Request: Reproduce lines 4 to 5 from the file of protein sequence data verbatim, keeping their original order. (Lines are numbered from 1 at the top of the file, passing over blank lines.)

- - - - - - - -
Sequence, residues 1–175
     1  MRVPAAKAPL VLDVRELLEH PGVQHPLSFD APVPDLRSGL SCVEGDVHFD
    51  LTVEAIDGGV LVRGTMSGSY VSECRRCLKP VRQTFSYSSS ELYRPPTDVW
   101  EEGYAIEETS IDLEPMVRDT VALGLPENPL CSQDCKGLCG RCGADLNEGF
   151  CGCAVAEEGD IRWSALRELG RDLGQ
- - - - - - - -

   101  EEGYAIEETS IDLEPMVRDT VALGLPENPL CSQDCKGLCG RCGADLNEGF
   151  CGCAVAEEGD IRWSALRELG RDLGQ